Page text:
25 Animals With Insane Survival Adaptations

Posted by , Updated on March 21, 2024

You’re about to see animals that have developed some of the most insane survival adaptations. These could very well be the coolest animals in the world! From squirting blood out of their eyes to stabbing their ribs through their owns chests these are 25 animals with insane survival adaptations.



Shooting Blood

strange animal adaptations

When the Texas Horned Lizard feels threatened it literally shoots blood out of its eyeballs.


Dirty mouths

strange animal adaptations

The mouth of a wild Komodo dragon is so filthy that many times it will bite its prey and then follow it around until it dies from the resulting infection. In fact, scientists aren’t entirely sure how wild dragons survive with so much bacteria on their tongues.


Shock Waves

strange animal adaptations

The pistol shrimp can snap its claw so quickly that it creates a pressure wave in the surrounding water. The resulting bang is louder than a jet engine and hotter than the surface of the sun.


Breaking bones

strange animal adaptations

The hairy frog, a Central American species, cracks its own toe bones and shoves them through its feet to create sharp claws whenever it feels threatened.


Rib spikes

strange animal adaptations

The hairy frog isn’t the only creature that uses its own bones as weapons. The Spanish ribbed newt shoves its ribs through its chest to ward off predators. Fortunately for them, newts are known for quick healing skin.


Self destruction

strange animal adaptations

A certain species of French Guinea termite accumulates toxins in a gland on its back over the course of its life. Eventually, should the colony come under attack, the older termites that are stuffed with toxins will blow themselves up near the attackers.


Slime attack

strange animal adaptations

Hagfish are eel shaped marine animals that release a gooey slimy substance whenever they come under attack. Many times the substance gets into the gills of the predator and chokes them to death.


Throwing your organs

strange animal adaptations

Sea cucumbers don’t do much besides sit on the ocean floor, but should you try to eat one you might get a mouth full…of its organs. Apparently their insides are toxic and foul tasting so whenever they are attacked they simply expel them onto the predator.


Playing dead

strange animal adaptations

Everyone knows opposums play dead but did you know that the act is completely involuntary and only brought on by intense fear? While unconscious they also release a foul smelling odor that adds to the effect.


Walking on water

strange animal adaptations

Sure, there are bugs that walk on water, but those things are small. The basilisk lizard, however, is as big as a small dog and it can run along the surface of the water for up to 20m before sinking.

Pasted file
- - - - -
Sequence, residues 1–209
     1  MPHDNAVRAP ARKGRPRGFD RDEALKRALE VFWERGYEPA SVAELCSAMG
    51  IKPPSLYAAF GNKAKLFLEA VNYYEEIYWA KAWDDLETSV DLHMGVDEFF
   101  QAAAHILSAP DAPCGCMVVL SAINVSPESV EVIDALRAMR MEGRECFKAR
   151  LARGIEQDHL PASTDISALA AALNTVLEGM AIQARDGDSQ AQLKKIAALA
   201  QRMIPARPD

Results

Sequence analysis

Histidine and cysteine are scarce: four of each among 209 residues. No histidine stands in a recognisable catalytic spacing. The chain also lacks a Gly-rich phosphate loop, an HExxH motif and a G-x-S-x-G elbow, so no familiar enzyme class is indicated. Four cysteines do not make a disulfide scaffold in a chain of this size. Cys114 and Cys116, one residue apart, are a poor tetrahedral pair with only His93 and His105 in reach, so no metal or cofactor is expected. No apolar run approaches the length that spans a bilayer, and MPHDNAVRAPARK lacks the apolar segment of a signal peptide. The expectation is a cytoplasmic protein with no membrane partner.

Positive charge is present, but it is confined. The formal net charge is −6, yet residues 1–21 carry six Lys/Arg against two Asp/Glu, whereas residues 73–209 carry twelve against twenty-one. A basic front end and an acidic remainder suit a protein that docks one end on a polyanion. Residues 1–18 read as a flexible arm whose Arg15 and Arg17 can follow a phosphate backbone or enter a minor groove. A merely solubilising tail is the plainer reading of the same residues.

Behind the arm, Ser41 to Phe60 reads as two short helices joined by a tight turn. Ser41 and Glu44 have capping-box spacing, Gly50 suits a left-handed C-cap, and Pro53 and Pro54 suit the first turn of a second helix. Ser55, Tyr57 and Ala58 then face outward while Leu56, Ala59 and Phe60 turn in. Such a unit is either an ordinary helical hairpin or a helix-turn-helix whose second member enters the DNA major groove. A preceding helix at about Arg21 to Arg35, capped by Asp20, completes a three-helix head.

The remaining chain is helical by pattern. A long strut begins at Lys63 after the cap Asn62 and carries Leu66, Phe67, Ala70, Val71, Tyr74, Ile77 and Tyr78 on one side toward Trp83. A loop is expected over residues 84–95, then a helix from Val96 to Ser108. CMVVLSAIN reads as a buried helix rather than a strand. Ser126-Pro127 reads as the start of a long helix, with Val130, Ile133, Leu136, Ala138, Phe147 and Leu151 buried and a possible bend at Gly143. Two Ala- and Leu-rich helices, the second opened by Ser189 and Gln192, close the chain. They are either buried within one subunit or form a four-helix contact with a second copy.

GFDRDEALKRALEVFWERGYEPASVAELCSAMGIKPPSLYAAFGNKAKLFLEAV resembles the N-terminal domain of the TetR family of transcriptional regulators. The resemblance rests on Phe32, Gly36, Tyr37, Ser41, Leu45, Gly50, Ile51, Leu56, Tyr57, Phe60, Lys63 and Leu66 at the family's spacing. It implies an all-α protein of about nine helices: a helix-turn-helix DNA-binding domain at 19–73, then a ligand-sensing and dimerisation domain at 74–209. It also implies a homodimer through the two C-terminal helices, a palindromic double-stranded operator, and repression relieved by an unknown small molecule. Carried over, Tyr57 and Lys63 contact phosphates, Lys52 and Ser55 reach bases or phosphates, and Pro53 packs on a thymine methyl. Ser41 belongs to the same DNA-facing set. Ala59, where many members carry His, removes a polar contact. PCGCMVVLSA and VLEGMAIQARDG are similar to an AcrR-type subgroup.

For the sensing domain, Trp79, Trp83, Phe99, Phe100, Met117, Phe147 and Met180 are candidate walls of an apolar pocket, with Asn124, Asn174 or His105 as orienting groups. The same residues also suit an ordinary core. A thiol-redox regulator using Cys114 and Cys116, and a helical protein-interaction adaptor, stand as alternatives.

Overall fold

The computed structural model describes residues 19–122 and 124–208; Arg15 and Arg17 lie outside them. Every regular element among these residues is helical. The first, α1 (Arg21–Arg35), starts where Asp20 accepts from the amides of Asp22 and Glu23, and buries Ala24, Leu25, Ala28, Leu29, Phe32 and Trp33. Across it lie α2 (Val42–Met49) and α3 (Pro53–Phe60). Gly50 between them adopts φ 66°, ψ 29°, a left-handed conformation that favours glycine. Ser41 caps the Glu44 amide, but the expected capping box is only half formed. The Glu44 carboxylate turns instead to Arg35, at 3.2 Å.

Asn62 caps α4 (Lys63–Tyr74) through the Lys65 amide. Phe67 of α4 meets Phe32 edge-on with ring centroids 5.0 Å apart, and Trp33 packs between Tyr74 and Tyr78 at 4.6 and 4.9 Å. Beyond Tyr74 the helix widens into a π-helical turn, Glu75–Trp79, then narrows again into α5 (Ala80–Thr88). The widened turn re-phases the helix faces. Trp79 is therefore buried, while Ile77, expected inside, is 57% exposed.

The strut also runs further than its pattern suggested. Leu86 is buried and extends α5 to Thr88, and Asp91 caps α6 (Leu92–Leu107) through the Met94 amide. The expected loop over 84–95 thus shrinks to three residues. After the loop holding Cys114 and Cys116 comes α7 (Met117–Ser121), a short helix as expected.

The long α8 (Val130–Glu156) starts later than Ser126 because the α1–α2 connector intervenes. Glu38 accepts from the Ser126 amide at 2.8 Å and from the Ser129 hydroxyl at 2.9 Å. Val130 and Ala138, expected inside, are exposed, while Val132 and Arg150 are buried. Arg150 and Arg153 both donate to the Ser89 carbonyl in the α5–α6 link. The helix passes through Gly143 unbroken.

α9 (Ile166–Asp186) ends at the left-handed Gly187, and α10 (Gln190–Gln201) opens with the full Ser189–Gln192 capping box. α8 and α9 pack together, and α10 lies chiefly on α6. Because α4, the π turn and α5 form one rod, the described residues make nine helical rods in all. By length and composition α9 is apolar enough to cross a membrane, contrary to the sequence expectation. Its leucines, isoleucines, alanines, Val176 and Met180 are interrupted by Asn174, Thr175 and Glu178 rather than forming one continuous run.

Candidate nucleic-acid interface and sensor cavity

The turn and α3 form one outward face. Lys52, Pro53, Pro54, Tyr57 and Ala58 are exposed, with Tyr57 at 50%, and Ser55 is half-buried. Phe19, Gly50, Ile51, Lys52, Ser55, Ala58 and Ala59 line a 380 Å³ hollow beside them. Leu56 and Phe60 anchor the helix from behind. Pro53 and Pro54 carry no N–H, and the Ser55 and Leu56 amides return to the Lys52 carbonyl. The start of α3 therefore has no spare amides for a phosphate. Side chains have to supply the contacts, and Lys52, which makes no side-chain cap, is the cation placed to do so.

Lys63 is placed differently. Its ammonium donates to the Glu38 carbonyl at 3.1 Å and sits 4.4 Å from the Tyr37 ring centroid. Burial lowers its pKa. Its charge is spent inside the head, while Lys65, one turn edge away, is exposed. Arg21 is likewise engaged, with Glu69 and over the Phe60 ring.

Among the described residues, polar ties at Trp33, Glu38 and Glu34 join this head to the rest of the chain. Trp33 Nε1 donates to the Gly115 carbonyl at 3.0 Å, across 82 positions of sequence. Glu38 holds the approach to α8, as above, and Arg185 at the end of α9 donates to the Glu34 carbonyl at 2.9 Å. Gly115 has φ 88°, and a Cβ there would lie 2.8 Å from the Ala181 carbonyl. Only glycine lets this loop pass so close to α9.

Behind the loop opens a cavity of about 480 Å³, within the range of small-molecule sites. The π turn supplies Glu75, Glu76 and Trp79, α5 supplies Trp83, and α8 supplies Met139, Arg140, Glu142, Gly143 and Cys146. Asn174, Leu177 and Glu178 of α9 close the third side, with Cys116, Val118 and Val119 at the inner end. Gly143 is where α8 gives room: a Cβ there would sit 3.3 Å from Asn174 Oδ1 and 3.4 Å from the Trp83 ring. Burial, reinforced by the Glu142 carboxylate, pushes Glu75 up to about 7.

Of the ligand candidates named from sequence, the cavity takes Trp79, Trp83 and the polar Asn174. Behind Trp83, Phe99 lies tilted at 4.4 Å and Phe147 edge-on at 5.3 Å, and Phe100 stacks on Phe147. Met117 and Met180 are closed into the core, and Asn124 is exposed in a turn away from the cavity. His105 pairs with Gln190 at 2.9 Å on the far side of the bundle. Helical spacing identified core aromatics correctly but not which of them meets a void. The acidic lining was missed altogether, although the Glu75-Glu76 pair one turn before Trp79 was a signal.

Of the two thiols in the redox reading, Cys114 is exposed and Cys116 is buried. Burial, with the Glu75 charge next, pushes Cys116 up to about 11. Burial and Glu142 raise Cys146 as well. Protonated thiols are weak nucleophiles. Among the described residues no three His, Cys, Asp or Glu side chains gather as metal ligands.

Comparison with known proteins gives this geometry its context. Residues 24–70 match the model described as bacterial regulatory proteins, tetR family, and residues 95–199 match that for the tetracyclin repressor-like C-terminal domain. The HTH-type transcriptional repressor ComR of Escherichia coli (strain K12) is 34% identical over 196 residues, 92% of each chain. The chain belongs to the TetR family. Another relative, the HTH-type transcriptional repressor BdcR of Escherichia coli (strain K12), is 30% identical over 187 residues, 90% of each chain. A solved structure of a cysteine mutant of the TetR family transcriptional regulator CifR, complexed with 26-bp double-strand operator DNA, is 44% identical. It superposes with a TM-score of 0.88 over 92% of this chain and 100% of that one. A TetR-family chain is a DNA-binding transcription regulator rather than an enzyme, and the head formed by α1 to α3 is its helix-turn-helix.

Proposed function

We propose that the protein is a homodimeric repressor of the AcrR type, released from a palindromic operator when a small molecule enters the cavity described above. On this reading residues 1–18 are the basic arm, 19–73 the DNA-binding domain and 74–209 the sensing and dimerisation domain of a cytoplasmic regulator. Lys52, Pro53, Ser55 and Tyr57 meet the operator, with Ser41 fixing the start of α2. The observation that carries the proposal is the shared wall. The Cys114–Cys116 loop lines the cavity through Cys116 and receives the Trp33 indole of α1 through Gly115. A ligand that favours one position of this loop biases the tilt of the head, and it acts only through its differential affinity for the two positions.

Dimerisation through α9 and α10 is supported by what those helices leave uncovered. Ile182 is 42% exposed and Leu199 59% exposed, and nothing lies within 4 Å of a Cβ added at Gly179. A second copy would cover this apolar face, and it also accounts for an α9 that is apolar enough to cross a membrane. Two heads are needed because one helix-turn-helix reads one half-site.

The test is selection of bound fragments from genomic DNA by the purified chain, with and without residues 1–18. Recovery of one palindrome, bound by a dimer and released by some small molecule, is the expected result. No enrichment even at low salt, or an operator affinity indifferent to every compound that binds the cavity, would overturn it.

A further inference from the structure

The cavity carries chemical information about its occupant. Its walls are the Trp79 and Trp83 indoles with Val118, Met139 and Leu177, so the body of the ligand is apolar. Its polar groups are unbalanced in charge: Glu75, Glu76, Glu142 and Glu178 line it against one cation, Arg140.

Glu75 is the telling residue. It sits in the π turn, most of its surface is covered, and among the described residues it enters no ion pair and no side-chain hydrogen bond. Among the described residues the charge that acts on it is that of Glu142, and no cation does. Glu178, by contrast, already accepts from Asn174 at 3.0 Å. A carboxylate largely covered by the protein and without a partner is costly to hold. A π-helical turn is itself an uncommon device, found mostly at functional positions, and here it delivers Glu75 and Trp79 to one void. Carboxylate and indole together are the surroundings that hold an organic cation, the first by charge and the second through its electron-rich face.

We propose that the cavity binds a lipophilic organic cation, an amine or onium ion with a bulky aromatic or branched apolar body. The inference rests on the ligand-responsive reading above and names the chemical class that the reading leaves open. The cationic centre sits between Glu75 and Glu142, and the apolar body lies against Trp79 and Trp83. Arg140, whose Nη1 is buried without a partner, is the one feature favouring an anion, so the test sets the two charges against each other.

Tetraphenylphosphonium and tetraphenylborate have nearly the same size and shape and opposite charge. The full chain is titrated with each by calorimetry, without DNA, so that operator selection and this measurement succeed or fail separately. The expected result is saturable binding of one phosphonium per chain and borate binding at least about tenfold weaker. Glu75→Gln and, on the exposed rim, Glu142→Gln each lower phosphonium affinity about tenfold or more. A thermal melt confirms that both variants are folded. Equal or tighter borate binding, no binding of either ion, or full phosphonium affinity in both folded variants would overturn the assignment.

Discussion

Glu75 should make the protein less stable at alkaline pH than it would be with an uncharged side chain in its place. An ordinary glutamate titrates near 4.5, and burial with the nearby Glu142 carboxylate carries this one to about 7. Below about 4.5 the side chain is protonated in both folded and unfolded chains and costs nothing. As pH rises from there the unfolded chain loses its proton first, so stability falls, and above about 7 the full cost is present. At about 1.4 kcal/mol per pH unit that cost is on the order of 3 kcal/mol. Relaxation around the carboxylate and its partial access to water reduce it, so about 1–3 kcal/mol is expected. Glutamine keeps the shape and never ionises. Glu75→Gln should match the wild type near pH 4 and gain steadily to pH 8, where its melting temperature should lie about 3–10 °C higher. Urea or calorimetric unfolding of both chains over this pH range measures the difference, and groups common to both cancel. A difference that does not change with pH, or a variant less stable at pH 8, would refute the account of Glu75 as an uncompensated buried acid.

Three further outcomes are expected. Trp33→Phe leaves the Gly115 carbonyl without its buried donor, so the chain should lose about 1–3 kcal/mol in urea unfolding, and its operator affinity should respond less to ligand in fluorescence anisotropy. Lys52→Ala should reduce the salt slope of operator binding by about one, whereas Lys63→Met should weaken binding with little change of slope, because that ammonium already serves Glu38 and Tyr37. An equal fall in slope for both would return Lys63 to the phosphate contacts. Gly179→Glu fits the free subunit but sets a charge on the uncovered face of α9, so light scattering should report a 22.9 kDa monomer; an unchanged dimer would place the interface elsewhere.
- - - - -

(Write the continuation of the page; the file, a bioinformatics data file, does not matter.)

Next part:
Sweating blood

strange animal adaptations

Ok, so its not really blood, but that’s what its called (blood sweat). The bright red substance protects hippos from the sun and infections.


Urinating blood

strange animal adaptations

So far we’ve seen spitting blood, sweating blood, and now urinating blood. Ladybugs do this when they’re scared and supposedly it keeps predators away.



strange animal adaptations

Found in warm Mediterranean waters there is jellyfish that can indefinitely revert itself back to polyp form. As cool as turning back time sounds, most of them often die from predation or disease.


Making balloons

strange animal adaptations

In order to attract a mate the hooded seal will close one nostril and inflate a pink nasal membrane out of the other.


Carnivorous herbivores

strange animal adaptations

It sounds like something out of a zombie movie but its true, if certain animals like cows don’t get enough minerals from the grass…they’ll get them from somewhere else, many times from small prey like birds.


Eating food through skin

strange animal adaptations

Rather than having a mouth, the zombie worm lays up against its meal and secretes acid to turn it into mush. It then absorbs the food through its skin.


Eye knives

strange animal adaptations

Clown loaches are a popular addition to any aquarium but they should not be underestimated. Below their eyes they have retractable spines that they can shoot out to stab predators.


Tail fat

strange animal adaptations

The karakul, a type of domestic sheep in central Asia, store extra fat in their tail so that they can survive harsh conditions.


Air bubbles

strange animal adaptations

The diving bell spider is the only spider that can effectively live under water. It creates a bubble-like web that traps oxygen and researchers say they only need to come up once a day.



strange animal adaptations

There is perhaps no better copy cat on Earth than the mimic octopus. Discovered off the coast of Indonesia, this cool animal can take on characteristics of up to 15 different forms of marine life.


Skin breathing

strange animal adaptations

The lungless frog of Borneo does just that…it breathes through the surface of its skin.


Looking like bird droppings

strange animal adaptations

There is actually one more case of mimicry in nature that is quite interesting. The caterpillar of the giant swallowtail butterfly matures to look like bird poop.


Interior design

strange animal adaptations

The bowerbird is something of a kleptomaniac interior designer with OCD. It will build a meticulous nest using flowers, feathers, and even bits of discarded plastic to attract a mate. Moreover, it will be more than happy to steal from its neighbors nest.


Removable tails

strange animal adaptations

Many species of geckos have tails that grow to resemble their heads. When the predator goes for the tail it will just fall off and twitch on the ground while the gecko makes his escape.


Projectile vomit

strange animal adaptations

If you ever scare a northern fulmar you know what to expect…